Don’t undercut a great email by hiding it behind a poor subject line. These few words have the power to make or break your broadcast.
Inboxes are generally cluttered, un-fun places. You can either contribute to that un-fun clutter, or use it to your competitive advantage. Let’s assume you’re keen to do the latter.
Shorter than you think. Shorter. There are compelling reasons why three, two, and even one-word subject lines draw our attention. At the very least, if you want your subject line to be read, keep it under 40 characters. Here’s why.
This rule applies equally to web page headlines: use your subject line to offer your reader a reason to pay attention. What do they stand to lose if they ignore your message? Using tactics like urgency and secrecy can give your subject line an edge. There are plenty of other ways you can give your subject line consequence, too.
Don’t think that an emoji will make your subject line great—it won’t. But it will draw attention to a great subject line. Just be aware that some old email clients don’t support emojis, so make sure your subject also makes sense without them.
Online marketers often report that numbers have an uncanny knack of boosting open rates when included in subject lines. Give it a try!
We don’t have the luxury of using ‘bold’ or ‘italic’ to emphasize words in a subject line. Occasionally writing a single word in all-caps can be effective, but try not to capitalize the whole thing. SHOUTING AT YOUR READER ISN’T POLITE. (Also, it’s spammy).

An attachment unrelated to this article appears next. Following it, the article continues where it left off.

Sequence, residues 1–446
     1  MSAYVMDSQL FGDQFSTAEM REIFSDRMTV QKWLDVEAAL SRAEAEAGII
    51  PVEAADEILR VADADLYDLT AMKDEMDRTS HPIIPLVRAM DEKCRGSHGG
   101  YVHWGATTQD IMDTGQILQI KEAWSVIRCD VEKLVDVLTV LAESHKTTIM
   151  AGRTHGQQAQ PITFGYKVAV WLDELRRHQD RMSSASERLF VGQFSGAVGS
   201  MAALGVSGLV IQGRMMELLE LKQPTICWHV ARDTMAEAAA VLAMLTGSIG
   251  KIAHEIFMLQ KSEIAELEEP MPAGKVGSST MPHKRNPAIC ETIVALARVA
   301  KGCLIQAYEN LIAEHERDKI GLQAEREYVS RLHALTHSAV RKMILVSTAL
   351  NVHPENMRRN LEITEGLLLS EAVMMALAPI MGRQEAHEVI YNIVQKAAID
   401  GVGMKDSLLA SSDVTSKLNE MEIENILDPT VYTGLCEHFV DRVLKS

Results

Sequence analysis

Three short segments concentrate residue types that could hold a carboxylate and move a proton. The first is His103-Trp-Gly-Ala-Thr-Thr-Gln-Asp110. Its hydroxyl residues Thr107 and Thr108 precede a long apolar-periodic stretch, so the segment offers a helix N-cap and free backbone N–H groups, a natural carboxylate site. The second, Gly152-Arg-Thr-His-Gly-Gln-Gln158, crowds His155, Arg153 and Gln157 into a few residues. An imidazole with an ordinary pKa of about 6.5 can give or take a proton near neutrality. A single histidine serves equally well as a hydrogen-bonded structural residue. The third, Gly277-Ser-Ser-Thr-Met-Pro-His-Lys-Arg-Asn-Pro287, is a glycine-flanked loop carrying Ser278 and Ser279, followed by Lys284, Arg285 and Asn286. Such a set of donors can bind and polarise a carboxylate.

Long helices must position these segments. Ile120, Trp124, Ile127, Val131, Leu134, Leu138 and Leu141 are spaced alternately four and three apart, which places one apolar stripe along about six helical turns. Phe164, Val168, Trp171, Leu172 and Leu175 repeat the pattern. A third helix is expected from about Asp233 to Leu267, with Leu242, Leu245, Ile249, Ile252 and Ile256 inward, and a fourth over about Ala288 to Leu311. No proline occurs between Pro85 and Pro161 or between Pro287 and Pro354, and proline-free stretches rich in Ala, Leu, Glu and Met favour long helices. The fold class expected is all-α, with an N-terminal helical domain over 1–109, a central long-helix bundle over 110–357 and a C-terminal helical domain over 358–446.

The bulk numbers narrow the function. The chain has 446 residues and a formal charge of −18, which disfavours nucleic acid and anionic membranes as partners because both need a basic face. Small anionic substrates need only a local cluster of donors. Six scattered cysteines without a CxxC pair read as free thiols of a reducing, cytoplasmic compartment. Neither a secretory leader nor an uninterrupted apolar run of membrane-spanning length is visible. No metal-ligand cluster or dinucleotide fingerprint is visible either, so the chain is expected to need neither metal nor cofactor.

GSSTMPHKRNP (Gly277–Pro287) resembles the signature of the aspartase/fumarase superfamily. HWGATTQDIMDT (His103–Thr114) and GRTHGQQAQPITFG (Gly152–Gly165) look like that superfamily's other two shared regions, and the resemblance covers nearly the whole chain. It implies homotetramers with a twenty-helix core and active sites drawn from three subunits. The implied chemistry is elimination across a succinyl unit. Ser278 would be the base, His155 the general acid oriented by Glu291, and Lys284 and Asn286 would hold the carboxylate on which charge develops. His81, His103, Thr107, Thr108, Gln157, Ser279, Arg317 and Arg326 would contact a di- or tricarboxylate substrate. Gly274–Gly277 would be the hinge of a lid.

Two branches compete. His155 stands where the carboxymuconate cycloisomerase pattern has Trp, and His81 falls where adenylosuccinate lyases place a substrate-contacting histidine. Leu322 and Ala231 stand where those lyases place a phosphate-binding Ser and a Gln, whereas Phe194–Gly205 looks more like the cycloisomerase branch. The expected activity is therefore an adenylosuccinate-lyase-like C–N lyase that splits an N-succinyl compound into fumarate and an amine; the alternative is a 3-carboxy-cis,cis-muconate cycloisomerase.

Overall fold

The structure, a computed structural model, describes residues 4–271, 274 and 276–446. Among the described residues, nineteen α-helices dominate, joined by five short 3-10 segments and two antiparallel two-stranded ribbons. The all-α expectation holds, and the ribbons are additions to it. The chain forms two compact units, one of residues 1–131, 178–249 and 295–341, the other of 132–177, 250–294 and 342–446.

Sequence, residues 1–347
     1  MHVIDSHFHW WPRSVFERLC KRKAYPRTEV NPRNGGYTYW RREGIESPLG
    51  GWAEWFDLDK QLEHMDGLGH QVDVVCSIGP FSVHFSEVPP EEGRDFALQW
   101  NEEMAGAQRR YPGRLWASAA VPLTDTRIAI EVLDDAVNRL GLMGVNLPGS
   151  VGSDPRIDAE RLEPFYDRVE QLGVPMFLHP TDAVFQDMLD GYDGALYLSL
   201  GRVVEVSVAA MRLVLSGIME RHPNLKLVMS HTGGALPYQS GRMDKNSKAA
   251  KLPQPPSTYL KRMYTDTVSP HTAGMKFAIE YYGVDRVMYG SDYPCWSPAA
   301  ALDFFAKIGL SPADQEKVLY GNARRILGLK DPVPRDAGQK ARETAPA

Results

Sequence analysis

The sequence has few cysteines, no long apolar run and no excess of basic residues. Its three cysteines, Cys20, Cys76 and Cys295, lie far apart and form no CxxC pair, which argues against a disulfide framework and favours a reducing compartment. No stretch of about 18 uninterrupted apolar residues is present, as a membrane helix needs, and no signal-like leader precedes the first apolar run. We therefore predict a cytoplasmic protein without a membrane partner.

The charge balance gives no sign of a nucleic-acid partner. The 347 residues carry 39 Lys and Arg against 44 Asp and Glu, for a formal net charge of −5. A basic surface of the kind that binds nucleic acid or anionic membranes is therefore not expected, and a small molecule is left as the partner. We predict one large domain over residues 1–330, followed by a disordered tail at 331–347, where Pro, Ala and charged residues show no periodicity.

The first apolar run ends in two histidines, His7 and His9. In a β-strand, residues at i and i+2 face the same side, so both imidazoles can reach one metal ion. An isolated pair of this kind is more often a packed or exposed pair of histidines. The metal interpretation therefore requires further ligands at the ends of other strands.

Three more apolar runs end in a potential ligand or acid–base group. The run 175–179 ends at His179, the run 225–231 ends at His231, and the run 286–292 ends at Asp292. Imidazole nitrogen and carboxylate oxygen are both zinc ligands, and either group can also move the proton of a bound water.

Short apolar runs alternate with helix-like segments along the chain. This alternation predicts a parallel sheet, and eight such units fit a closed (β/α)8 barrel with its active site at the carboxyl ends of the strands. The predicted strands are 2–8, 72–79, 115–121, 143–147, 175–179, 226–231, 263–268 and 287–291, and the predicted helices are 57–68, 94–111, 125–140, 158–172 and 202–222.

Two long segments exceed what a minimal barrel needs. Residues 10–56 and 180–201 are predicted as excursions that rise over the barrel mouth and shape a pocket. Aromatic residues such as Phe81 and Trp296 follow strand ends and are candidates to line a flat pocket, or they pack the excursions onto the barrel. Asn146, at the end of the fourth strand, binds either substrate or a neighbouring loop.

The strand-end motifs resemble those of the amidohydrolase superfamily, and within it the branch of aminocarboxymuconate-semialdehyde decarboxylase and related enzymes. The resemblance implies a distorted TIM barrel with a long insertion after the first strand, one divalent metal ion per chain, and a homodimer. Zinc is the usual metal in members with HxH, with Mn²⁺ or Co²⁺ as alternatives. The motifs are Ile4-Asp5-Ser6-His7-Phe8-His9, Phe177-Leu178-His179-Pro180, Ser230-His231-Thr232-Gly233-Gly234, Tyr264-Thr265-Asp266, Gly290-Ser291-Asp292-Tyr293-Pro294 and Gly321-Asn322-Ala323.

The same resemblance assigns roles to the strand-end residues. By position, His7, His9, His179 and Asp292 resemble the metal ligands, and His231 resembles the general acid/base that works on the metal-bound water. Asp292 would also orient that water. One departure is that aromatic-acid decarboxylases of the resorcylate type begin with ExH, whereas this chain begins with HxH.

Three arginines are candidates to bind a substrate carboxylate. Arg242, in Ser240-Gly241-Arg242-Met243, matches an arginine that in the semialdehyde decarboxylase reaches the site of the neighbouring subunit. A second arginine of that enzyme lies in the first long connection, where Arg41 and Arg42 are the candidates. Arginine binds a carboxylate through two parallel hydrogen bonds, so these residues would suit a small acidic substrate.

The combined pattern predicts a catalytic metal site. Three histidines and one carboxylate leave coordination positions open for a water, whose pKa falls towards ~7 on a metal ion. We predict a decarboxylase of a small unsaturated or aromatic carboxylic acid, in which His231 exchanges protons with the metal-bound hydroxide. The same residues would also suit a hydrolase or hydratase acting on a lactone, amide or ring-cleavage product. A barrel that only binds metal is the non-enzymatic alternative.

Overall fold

There’s no better way to arrest someone’s attention than by making them feel something. Surprise, shock, sadness, joy... These feelings can silence the digital noise for a moment and allow our emotion-based decision-making functions to take over. Try to avoid overly-distressing messaging—alarm can work in your favor, but don’t fill your reader with dread for what they might see if they open your email.
If you think the game is all about wit and trickery, it’s really not. Steer clear of cryptic clues and in-jokes. If your content is topical and something you know your audience cares about, don’t obscure it. Sometimes being direct is the best option.
Rarely will the first idea you think up turn out to be the best. It pays to give your brain space to think laterally. Increase your chances of striking gold by brainstorming 10 (or 20) lines before short-listing the strongest.
It’s one thing to imagine what a subject will look like on the receiving end. It’s another to actually see it. Sometimes context allows us to see things our imagination can’t. It’s not hard to send yourself some blank emails with different subjects. The key to this test is not to think too hard. What jumps out among the noise in your inbox? What would you click on?
If you can, always split test your subject lines. This will minimize guesswork, maximize impact, and reveal valuable insights about what gets your supporters’ attention.
Our friends in the corporate sector are trying to crack the code to attention-grabbing subject lines, too. Check out some of the interesting ideas they’ve come up with.
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